Amazing action on Day 1 of the World Athletics Championships

July 16, 2022

The Dominican Republic relay 4x400m relay team after winning the world title[/caption]

At the end of the first day of the World Athletics Championships in Oregon, Japan is on top of the medal table with a gold and a silver medal that came in the men’s 20km walk. Toshikazu Yamanishi defended his title in 1:19:07, becoming the third walker to do so in the 20 km event, after Maurizio Damilano of Italy in 1987/1991, and Jefferson Pérez of Ecuador who uniquely won 3 in a row from 2003 to 2007. Koki Ikeda won silver while Perseus Karlström of Sweden won the bronze medal.

The Dominican Republic is second on the medal table after a gold medal in the mixed 4 x 400m relay; a race that became a great climax to the first day of the championships.  During the relay race, the crowds in the stadium were charged. Earlier on in the day, the US team had started with a world-leading time of 3:11.75 to win their respective heat in what would make theme the pre-race favorites and hence the huge support they were getting from the home crowd.

Even from far away, one could almost feel the atmosphere inside the Hayward field as Elijah Godwin handed over the baton to Allyson Felix –the most decorated track runner in the world. The excitement and the cheering from the fans continued as the US team led up to the last 100m before Fiordaliza Cofil of the Dominican Republic began to quickly close in on Kennedy Simon before proceeding to win the first gold medal for their country in a new world-leading time of 3:09.82. Femke Bol, in an incredible finishing kick, secured a silver medal for the Netherlands in a new national record of 3:9.90. The USA won the bronze medal.

Kimberly García León of Peru earned a gold medal for her country in the women’s 20km walk after walking a national record time of 1:26:58. Also in a national record in this event was Katarzyna Zdziebło of Poland who won the silver medal in 1:27:31. China’s Shijie Qieyang won the bronze medal in 1:26:56.

Probably as sleepy as Ferdinand Omanyala who had trouble securing his visa to travel on time and only arrived about three hours to his 100m race, Kenyan fans woke up at 3AM to catch the evening session of the day. For me it was just on time to watch the perfect timing of planes flying by as the US national anthem came to its climax before the afternoon session got underway.

Compared with the morning session, the stadium was full in the afternoon session. The atmosphere there was simply amazing and with one of the favorite commentators in our sport, Rob Walker featuring in the commentary, it made the day even more exciting.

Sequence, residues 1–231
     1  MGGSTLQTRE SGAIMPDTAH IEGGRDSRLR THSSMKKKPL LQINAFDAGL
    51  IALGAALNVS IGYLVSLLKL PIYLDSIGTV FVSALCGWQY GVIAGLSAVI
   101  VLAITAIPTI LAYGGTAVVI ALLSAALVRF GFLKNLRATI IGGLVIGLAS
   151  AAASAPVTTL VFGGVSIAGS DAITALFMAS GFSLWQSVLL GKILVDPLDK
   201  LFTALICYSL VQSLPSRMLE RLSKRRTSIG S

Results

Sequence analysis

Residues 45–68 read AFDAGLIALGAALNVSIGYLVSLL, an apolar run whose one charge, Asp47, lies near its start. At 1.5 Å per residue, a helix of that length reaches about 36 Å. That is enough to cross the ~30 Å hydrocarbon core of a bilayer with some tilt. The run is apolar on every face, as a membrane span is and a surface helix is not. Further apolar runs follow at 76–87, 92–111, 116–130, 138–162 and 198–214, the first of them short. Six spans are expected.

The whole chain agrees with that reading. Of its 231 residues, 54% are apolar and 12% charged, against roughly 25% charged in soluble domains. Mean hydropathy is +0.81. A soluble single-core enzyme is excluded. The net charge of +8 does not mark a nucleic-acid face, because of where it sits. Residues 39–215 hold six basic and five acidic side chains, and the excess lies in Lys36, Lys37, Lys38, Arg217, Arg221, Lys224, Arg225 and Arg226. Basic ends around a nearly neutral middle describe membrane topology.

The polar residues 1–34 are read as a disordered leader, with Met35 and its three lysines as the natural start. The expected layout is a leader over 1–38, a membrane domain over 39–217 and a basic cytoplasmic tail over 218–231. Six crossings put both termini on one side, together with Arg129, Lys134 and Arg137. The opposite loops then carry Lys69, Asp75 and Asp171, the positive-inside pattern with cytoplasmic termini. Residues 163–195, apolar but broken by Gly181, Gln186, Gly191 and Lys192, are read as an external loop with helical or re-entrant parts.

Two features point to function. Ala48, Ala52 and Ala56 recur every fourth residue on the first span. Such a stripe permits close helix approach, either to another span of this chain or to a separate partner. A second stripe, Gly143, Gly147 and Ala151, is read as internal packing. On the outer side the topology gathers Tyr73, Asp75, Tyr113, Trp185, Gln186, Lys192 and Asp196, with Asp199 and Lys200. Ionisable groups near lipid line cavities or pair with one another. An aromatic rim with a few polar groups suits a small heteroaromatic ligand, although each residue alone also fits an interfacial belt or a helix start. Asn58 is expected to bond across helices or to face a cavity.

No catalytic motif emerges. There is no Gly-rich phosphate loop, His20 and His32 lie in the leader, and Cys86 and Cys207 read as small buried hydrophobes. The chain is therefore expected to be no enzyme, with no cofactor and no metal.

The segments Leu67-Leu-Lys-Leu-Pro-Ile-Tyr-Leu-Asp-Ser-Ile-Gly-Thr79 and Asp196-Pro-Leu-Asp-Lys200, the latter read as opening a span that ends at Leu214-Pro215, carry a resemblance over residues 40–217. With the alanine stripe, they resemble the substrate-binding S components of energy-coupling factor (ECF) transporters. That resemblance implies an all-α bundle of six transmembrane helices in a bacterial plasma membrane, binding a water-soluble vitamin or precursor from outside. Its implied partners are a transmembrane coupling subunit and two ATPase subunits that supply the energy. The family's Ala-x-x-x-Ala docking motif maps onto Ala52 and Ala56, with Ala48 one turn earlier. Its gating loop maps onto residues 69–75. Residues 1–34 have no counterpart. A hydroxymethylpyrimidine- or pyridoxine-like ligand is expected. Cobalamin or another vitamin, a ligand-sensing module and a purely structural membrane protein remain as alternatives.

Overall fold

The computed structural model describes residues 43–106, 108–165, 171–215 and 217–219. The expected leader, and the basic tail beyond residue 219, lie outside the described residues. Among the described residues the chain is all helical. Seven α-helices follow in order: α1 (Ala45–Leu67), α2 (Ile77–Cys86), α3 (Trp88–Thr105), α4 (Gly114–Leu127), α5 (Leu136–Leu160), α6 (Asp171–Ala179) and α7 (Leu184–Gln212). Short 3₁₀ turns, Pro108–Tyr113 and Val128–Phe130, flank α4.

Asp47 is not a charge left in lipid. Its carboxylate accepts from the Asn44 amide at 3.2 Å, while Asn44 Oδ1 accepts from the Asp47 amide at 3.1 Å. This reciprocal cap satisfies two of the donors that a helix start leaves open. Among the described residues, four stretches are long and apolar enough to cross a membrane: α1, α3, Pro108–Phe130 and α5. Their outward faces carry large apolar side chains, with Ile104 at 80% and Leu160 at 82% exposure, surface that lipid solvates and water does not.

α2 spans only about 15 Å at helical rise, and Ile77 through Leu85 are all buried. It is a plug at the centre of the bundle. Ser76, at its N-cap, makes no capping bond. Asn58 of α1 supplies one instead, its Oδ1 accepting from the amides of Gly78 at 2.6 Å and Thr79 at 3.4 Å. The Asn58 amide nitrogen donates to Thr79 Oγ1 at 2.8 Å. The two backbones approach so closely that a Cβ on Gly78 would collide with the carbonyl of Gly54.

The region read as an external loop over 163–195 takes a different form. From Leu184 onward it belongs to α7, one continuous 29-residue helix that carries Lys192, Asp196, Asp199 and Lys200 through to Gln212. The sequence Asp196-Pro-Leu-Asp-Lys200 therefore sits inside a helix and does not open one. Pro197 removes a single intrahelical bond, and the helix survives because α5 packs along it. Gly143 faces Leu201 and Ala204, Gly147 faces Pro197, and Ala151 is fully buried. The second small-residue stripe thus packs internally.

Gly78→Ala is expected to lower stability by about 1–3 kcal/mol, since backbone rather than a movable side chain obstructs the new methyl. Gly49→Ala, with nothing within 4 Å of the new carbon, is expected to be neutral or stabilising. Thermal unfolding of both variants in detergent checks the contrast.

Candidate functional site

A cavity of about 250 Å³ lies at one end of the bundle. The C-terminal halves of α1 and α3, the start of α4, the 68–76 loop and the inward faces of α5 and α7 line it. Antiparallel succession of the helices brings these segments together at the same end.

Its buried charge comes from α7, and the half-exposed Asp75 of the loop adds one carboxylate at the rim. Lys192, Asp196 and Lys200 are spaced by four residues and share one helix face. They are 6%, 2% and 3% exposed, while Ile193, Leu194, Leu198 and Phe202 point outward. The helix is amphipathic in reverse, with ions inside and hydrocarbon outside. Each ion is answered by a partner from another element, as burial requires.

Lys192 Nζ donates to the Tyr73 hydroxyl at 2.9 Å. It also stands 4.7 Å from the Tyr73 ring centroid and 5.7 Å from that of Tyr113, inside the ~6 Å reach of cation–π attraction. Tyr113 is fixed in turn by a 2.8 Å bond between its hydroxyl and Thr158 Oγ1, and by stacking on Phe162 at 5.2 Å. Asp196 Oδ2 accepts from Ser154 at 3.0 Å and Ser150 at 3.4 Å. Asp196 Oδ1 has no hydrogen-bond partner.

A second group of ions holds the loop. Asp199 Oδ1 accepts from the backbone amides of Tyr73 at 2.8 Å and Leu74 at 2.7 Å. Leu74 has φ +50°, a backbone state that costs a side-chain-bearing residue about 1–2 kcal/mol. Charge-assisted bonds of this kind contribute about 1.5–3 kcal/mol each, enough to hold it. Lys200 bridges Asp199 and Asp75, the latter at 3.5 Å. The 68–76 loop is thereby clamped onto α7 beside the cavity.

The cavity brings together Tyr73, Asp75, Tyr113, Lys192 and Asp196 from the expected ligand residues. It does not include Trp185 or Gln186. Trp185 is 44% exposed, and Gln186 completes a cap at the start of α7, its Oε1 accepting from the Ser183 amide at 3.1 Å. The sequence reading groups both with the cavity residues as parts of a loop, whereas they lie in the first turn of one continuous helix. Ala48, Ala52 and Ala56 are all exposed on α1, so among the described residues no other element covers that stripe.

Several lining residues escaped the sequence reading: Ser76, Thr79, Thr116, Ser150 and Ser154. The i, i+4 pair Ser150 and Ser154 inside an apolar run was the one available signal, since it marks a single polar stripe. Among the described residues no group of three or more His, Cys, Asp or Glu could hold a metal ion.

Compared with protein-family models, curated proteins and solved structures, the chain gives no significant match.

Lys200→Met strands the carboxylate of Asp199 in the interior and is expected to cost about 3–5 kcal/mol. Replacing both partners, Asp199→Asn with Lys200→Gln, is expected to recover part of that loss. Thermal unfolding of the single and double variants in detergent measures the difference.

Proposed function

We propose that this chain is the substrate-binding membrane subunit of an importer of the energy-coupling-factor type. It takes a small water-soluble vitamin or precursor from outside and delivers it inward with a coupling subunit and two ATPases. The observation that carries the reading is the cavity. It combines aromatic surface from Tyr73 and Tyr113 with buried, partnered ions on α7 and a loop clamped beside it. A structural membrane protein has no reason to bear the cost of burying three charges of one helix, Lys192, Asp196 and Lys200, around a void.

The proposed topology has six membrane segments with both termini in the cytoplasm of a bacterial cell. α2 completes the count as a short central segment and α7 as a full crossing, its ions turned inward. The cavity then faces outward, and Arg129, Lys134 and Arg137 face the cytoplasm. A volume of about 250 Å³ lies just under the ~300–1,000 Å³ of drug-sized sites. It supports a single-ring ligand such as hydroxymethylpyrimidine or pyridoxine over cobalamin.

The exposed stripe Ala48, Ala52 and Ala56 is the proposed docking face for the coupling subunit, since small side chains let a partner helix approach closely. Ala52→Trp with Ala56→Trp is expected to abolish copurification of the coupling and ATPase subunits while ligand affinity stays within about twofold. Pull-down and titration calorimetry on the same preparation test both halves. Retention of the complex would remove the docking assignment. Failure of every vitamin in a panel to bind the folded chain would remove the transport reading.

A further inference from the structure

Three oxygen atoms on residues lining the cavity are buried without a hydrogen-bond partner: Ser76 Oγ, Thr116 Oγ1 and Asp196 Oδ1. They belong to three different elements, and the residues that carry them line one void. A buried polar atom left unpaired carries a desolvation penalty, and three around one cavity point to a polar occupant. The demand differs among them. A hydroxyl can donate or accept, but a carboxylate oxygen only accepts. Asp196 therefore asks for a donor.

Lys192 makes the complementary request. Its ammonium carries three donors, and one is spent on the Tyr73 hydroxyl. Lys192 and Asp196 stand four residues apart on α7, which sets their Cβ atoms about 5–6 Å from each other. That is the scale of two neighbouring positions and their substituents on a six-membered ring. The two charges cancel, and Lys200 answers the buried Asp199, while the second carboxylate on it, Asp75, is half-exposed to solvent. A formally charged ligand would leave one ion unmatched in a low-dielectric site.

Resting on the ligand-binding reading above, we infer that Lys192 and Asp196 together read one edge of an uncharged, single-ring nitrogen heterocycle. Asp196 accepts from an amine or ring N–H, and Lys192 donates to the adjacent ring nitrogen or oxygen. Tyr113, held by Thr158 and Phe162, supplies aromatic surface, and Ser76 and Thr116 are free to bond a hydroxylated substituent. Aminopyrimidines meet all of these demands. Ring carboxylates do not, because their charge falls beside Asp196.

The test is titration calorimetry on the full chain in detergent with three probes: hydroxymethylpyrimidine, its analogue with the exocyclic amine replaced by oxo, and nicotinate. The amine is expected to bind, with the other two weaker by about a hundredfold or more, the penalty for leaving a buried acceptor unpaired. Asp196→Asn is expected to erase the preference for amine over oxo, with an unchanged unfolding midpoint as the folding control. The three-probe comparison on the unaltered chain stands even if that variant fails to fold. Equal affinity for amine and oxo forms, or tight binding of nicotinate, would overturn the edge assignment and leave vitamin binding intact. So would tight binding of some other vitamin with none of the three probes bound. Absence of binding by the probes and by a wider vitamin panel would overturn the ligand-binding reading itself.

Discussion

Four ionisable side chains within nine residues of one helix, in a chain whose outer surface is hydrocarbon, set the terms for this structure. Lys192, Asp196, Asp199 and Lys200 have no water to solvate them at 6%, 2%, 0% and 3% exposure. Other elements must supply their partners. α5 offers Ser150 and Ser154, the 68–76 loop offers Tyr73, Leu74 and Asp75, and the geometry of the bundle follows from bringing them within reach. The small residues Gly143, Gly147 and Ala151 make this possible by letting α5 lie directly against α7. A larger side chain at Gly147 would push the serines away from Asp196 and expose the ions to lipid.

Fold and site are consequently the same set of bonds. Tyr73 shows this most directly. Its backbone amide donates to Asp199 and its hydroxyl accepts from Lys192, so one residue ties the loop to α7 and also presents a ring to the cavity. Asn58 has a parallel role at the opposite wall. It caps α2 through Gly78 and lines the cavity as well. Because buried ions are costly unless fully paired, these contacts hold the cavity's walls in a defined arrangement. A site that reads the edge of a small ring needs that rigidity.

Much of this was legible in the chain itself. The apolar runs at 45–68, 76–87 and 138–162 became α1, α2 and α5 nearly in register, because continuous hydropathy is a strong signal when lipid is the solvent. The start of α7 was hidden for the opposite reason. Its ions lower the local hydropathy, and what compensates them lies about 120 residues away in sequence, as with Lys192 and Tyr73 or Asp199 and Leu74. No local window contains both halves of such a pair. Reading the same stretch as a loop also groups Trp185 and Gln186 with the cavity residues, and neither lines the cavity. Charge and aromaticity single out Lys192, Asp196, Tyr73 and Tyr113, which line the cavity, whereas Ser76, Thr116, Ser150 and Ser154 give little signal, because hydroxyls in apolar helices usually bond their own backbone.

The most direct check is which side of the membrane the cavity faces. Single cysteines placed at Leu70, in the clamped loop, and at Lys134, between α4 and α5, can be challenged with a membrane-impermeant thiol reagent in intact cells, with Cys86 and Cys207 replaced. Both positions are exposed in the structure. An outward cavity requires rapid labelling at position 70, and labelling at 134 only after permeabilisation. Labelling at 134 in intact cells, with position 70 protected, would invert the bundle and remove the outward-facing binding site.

The first event on the track was the men’s 3000m steeplechase semi-finals in which Soufiane El Bakkali appeared to effortlessly win the first heat in 8:16.65 ahead of Kenya’s Leonard Bett  running 8:16.94 and Abraham Kibiwott  running 8:17.04.

USA’s Hillary Bor appeared to want the second semi-final faster as he led just after the gun, but slowed down again midway, perhaps realizing he was acting as a pacesetter for the rest. Lamecha Girma took control of the race in the last 1000m. With about 50m to go, Conseslus Kipruto was still outside the three automatic qualifying positions before rapidly overtaking Mehdi Belhadj of France and Bor to finish second in 8:20.12 behind Girma who won the race in 8:19.64. Bor secured the last automatic position at 8:20.18.

The last semi-final was won by Ethiopia’s Hailemariyam Amare in 8:18.34, but all eyes were on USA’s Evan Jager who shows that he is back in his former form as he comfortably finished second in 8:18.44. India’s Avinash Mukund Sable.

Arguably, the women's 1500m is building into an exciting final between Kenya's Faith Kipyegon and Ethiopia's Tsegay Gudaf. Gudaf won her heat in the fastest time of 4:02.68 while appearing to be on an easy jog. Fellow Ethiopian, Hirut Meshasha won the first heat while Kipyegon won the second heat.

Those feared to feature in the men’s 100m event turned up. Canada’s Adre De Grasse had recently contracted Covid-19, Olympic Champion Marcell Jacobs had recently suffered and injury that saw him pull out from a number of races, and Kenya’s Ferdinand Omanyala had almost missed to secure his visa to travel. However, all of them not only turned up, but made it into their respective semi-finals. Fast times were registered in the heats with Letsile Tebogo of Botswana running a World U20 record of 9.94 to win his heat. In what promises to be an exciting final and faster times to come, seven runners ran under 10 seconds with Fred Kerley running the fastest time of 9.79 to win his heat.

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